You Can’t Get Comfortable in Web Development Anymore
Rey Bango

I think there are several things at play here. There’s the simple fact that we’re being asked to build much more complex systems now than we were five years ago: responsive, integrated, reactive, connected systems that need to fit a world where users expect a lot more of the web (and of mobile applications). That means we need to master a lot of new skills as a baseline, just to compete.

Then there’s the issue that we all need to continually learn new things. For a lot of developers, that just wasn’t true in their field of work before: they could learn a core set of skills / tech and just keep building the same stuff over and over. Yet we’ve had books like “Pragmatic Programmer” give the advice to learn a new language every year and, for those who’ve heeded that advice, the JavaScript world doesn’t seem so daunting. Continual learning and self-improvement is a good thing. Or it should be.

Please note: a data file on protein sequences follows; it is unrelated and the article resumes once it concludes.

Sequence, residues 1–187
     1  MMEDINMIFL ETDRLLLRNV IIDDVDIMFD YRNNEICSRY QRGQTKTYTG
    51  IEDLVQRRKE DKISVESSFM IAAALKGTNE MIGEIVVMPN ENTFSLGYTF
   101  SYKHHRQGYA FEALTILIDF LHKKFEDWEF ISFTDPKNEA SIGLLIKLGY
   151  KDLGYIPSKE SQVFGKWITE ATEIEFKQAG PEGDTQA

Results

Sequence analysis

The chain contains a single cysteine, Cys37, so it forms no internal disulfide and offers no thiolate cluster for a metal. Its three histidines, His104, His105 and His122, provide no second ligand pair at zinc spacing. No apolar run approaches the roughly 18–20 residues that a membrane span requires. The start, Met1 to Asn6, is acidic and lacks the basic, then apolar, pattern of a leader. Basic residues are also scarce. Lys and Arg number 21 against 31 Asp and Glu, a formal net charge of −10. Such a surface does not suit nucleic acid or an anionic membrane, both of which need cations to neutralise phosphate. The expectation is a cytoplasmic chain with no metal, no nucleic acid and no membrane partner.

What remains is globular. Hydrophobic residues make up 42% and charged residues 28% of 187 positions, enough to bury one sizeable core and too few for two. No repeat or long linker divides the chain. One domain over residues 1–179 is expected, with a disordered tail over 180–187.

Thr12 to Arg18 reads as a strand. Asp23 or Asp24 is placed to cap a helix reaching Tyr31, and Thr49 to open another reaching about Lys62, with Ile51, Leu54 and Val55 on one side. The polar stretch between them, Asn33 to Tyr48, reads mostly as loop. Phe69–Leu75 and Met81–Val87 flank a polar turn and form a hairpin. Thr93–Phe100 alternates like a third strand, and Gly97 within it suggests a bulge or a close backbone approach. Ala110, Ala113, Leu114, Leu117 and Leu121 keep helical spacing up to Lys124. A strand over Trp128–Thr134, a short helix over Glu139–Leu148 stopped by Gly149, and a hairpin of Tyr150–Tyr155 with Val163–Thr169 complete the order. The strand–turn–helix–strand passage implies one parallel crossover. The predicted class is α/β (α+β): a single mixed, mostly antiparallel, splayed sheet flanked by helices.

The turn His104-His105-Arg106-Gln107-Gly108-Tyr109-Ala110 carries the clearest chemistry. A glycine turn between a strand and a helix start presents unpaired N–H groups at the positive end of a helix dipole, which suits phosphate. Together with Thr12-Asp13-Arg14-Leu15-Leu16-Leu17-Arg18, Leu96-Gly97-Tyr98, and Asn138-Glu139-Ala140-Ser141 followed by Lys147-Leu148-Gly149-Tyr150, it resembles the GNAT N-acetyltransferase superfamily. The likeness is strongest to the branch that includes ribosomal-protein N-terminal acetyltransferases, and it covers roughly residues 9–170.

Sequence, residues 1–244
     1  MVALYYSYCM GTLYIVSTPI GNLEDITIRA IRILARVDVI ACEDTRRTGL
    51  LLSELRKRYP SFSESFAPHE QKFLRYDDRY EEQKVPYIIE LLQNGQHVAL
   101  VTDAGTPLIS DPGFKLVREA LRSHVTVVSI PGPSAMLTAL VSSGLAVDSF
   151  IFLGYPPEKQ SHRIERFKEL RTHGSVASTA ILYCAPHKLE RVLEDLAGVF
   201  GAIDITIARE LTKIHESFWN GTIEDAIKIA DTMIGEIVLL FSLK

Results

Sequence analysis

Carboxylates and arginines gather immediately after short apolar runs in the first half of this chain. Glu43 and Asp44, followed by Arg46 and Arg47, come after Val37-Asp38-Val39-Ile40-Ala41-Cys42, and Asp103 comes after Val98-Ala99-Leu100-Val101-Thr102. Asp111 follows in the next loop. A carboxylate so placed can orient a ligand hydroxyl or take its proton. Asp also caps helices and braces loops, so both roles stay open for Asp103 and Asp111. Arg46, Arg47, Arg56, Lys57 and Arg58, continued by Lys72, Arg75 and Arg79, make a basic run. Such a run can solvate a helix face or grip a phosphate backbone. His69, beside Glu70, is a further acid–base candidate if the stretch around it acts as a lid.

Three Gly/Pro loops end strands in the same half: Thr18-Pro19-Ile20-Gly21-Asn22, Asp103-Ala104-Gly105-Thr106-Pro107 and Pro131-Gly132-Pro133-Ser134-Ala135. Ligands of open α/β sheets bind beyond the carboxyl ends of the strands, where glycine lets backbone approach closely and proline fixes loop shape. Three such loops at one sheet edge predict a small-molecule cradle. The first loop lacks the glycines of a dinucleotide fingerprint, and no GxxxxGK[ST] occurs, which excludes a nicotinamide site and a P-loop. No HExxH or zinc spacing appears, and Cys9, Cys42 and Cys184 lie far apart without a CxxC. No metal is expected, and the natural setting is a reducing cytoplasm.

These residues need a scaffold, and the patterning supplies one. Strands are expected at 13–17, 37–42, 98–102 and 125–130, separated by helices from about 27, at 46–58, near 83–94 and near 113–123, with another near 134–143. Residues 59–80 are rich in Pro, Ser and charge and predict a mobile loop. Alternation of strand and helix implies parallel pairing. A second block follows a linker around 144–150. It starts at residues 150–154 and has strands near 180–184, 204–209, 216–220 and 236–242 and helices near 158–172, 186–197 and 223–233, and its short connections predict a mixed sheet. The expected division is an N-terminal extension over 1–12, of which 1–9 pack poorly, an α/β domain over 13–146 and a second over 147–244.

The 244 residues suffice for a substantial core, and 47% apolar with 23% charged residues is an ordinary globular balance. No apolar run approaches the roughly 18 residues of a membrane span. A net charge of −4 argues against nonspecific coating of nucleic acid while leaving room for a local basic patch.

Then we have the final issue: we’re all still new at this, the new more complex world. We don’t have the answers yet, so we’re experimenting a lot, trying to find better tools. Some trends are starting to appear and become the new baseline. What’s bleeding edge today may become tomorrow’s mainstream.

I’ve been writing software for about two thirds of my life now. I got started with Functional Programming and CSP (which we see today in Go’s channels and Clojure’s core.async library). But OOP went mainstream instead and I had to learn that to stay employable. We see a lot of compile-to-JavaScript options now and to me that makes perfect sense as we try to leverage abstractions that allow us to build more complex solutions faster. FP and concurrency are becoming mainstream. This is new to some folks but not others. I think there’s no real escape from learning a lot of these basic underpinnings — it’s more a matter of what order you learn them and how long you can be a software developer without having had to so far. In some ways, the web development world is just relearning a lot of things that previous generations of software developers already knew — because the web used to be so simple that “anyone” could be a programmer. Welcome to the new “normal”, I guess…

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